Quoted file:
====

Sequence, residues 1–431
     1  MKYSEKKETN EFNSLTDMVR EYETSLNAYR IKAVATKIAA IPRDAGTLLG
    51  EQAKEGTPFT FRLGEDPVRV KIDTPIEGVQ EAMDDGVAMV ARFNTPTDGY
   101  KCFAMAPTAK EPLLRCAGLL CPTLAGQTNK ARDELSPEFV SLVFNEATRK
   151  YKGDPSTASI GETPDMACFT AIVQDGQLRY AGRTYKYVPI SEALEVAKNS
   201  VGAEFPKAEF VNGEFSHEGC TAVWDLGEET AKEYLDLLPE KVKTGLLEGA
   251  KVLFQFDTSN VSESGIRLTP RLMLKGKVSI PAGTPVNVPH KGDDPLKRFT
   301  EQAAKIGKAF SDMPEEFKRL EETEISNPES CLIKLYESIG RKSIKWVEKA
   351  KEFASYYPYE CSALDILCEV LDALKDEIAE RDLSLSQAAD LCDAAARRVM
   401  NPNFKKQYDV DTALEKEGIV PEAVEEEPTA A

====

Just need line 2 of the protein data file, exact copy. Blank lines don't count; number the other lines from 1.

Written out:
     1  MKYSEKKETN EFNSLTDMVR EYETSLNAYR IKAVATKIAA IPRDAGTLLG